23 December 2013
Barton Gellman Spilling Secrets
Spilling secrets: Barton Gellman 82
By Angela Wang Senior Writer October 14, 2013
Barton Gellman 82 has always been a secret breaker.
As an undergraduate at Princeton, Gellman decried secrecy in Nassau Hall
in his first column as the chairman of The Daily Princetonian a position
roughly equivalent to what is now known as editor-in-chief.
Weve been far too tolerant, as well, of Nassau Halls
idiosyncratic preference for secrecy and closed-door decisions on the most
basic issues facing Princeton, Gellman wrote in February 1981. Far
more than at most universities, Princeton officialdom likes to go about its
business without the messy complications of public debate. A newspaper should
not must not tolerate this.
In the same column, he also revealed that student members of the Third World
Center now known as the Fields Center had staged protests in
the Prince newsroom for years, complaining about what they perceived
as skewed coverage, a fact that previous editors had decided not to publish.
A review of Gellmans career, based on close to a dozen interviews with
current and former colleagues, shows that not much has changed since his
time at the Prince. In fact, he has spent much of his life uncovering
and spilling other peoples secrets, most recently those of National
Security Agency contractor Edward Snowden. He is also currently working on
a book on secrecy and government surveillance, a project he said he began
before meeting Snowden.
Publishing what others mean to keep hidden has also earned him a number of
criticisms. Even years before the Snowden stories, a former senior NSA official
reportedly called him a traitor for his reporting.
I am someone who tries to penetrate secret things. Im someone
who tries to understand and write about what powerful people do that they
dont want you to know about, Gellman said in an interview last
month. I see my job as to help the public hold them accountable for
what they do and how they do it. Do we approve of whats being done,
for us, to us, in our interests, or dont we?
Colleagues said that Gellman showed promise from his time at Princeton, where
he graduated summa cum laude and went on to become a Rhodes Scholar. His
senior thesis on George F. Kennan 25, the father of the Cold War policy
of containment, was published as a book only two years after his graduation.
Hes an extremely smart guy and has always been able to think
about 10 steps ahead. Part of his intelligence is his ability to see the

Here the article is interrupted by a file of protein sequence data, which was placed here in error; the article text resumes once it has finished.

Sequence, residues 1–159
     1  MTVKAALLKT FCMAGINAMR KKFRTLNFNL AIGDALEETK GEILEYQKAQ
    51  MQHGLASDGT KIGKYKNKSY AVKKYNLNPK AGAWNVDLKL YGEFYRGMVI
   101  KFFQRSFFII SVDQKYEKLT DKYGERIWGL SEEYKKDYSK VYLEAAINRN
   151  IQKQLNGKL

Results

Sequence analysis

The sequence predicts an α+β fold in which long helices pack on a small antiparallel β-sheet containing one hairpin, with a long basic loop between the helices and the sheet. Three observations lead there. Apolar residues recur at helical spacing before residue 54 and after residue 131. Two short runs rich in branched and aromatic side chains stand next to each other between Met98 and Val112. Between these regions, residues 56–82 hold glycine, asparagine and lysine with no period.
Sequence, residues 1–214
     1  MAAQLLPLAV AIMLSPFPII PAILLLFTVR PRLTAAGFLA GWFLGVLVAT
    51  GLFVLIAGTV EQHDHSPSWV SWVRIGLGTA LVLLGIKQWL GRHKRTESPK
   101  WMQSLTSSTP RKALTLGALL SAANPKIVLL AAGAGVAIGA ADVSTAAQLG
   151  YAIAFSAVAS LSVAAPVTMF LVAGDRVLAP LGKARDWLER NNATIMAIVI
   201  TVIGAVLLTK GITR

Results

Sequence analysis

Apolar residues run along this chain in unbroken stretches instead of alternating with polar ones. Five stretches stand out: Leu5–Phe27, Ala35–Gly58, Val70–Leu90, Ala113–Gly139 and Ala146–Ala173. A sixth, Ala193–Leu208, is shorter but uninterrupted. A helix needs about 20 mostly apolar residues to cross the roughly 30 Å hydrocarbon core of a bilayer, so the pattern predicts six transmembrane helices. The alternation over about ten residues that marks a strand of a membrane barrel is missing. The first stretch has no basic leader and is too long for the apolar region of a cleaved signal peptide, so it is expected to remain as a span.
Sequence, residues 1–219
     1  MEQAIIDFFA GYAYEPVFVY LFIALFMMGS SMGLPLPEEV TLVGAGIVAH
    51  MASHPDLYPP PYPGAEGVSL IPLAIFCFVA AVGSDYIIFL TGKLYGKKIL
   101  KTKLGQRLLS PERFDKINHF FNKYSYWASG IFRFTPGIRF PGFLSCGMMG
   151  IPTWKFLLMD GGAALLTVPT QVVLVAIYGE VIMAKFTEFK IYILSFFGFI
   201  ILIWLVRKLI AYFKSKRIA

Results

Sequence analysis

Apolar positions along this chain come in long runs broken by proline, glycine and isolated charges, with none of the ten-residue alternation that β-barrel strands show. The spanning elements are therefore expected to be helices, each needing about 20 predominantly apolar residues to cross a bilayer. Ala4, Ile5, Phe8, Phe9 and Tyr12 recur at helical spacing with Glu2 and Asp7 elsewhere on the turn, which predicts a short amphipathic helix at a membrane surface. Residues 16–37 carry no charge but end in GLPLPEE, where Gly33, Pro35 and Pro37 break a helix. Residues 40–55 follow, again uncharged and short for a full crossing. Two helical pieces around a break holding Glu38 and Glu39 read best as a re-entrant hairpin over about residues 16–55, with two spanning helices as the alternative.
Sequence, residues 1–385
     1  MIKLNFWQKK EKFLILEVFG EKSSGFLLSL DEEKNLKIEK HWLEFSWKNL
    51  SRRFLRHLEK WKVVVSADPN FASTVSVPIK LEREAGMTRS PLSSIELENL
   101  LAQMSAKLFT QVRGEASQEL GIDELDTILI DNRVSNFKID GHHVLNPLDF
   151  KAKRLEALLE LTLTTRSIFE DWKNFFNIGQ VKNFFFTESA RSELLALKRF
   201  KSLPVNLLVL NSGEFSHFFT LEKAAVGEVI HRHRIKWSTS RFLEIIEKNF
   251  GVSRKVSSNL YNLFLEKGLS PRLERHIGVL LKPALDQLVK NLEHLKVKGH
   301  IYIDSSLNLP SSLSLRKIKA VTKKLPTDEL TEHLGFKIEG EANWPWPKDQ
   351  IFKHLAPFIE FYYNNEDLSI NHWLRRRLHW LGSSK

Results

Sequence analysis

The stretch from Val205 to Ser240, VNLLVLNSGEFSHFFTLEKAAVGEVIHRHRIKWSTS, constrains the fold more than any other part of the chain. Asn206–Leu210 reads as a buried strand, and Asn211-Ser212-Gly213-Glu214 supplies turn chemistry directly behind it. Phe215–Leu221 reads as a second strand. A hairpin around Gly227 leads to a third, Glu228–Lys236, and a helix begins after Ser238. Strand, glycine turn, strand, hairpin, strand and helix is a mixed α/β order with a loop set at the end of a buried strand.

big picture, to see a pattern, Washington Post reporter Joel Achenbach
82, who was editorial chairman at the Prince under Gellman,
said. That ability to see the story is something he had at a really
He also led the campus newspaper with a sense of humor. During the 1981
Yale-Harvard football game, Achenbach said, the Prince editors
went up to New Haven and distributed a fake issue of The Yale Daily News.
The issue included a fake story about a drug probe of the two teams and caused
an uproar in the crowd at the game, according to a story published by the
Princeton Alumni Weekly.
Bart not only orchestrated the whole thing; he also made sure we got
news coverage for it, like in The New York Times, Achenbach said.
The Yale campus newspaper got back at him at the beginning of the 1982-83
school year, when Gellman had already left the University, distributing a
fake issue of the Prince on campus. One of the articles in the
fake issue said that Gellman had plagiarized his senior thesis from a magazine
he had allegedly found at a dentists office in Trenton.
Since then, Gellman has maintained ties with Princeton. He is currently a
visiting lecturer and author-in-residence at the Wilson School, where he
last taught WWS 384: Secrecy, Accountability and the National Security State
in fall 2012.
More than the secrecy beat
Gellman began his reporting career at The Washington Post, writing about
the D.C. district courts. He extended his reporting overseas as a foreign
correspondent in Jerusalem, covering the assassination of Israeli Prime Minister
Yitzhak Rabin, and afterwards served as the Posts diplomatic correspondent.
Gellman went on to garner significant attention for reporting on national
security issues. He broke a number of stories related to 9/11 and the Iraq
War and won the Pulitzer Prize in 2008 for a series on then-Vice President
Dick Cheney with reporter Jo Becker. He then published a best-selling book
on Cheney, called Angler: the Cheney Vice Presidency.
His contemporaries say he is a multifaceted journalist whose expertise extends
into several fields.
Barts written about national security and become an expert on
secrecy, but hes not a beat reporter on the spying industry. Hes
looked at secrecy from a lot of different angles, former Post Managing
Editor Phil Bennett, who worked directly with Gellman, said.
Gellman said that even before he started working on national security stories,
he began to develop his interest and knowledge about electronic security
systems. He believed he had a professional need to keep his sources
information confidential and secure. As he did more research on how to do
this, he realized how hard it is for an ordinary citizen to truly keep